5. Take care of you first. In spite of what some people may say to you, words can hurt a lot. No matter what decisions you make about dealing with harassment, put your own emotional needs first. Sometimes you may want to simply walk away, and that's alright. There are times that we are too vulnerable to fight a battle. Get yourself into some safe places, talk it out with friends or ask me for a referral to organizations and/or professionals that can help you work through this.

6. Decide how you want to proceed. If you feel that no progress has been made after attempts to contact and educate the site administrator, you may feel that you want to pursue the matter in some other way. I can make suggestions and refer you to other sources if that is your desire at that time.
Source: www.daffi.org/if_you_have_been_harassed.htm

Top Ten Mistakes

Not listening to your intuition. As countless stories reveal, you need to keep your internal radar tuned to pick up signals that something might be wrong.

Letting someone down easy, instead of saying a definitive NO if your not interested in a relationship. Trying to be nice can lead a potentially obsessive suitor to hear what he wants instead of the message that your not interested.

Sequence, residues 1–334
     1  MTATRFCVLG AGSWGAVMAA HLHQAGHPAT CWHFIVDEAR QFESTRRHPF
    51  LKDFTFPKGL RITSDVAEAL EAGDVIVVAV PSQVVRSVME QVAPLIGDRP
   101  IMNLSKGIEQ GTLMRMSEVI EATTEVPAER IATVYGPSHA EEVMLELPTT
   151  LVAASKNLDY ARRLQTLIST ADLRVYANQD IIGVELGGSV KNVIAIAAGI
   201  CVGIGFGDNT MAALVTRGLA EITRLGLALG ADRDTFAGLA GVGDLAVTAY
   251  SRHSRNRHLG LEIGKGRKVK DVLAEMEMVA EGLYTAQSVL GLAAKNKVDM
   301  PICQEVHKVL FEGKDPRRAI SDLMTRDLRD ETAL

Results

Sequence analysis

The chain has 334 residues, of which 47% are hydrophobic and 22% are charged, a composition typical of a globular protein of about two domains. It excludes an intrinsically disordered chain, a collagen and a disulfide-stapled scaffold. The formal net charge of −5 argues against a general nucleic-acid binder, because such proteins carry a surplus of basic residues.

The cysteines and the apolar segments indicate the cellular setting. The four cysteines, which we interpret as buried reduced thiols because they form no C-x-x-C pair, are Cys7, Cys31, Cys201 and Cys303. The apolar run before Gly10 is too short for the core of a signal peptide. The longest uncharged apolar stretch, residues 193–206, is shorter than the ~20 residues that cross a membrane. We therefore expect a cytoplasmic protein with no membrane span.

Ignoring the early warning signs that annoying attention might escalate into dangerous harassment and pursuit.

Responding to a stalker in any way, shape or form. That means not acceding to your stalkers demands even once he or she has introduced threats.

Trying to reason or bargain with a stalker. Stalking is a like a long rape.

Seeking a restraining or protective order. All to often, this one act propels stalkers to act violently.

Expecting police to solve your problems and make it go away. Even the LAPD's Threat Management Unit says that victims have to take 100 percent responsibility for their dealing with the situation.

Taking inadequate privacy and safety precautions.

Neglecting to enlist the support of family, friends, neighbors, co-workers, therapists and other victims. It may be tough to admit you're being stalked, but it's not your fault. Learn how to gather the people who will constitute your first line of defense.

Ignoring your emotional needs during and after a stalking. Do you know how to get support you need?
Source: www.daffi.org/top_ten.htm

Simple Avoidance Tactics

Be Careful Who You Talk To. The greatest thing about the Internet is that you can talk to people you might never have been able to talk to in any other way. Even if there's no immediate threat of physical danger on the Internet, you still have to be careful who you talk to. You don't have to be nice to everyone, you don't have to get into a conversation with everyone who demands your attention, and you don't have to answer unsolicited e-mail, even if it's mail telling you how nice your Web page looks. If you feel at all uncomfortable with the conversation you're having with someone online, you have every right to stop all communication.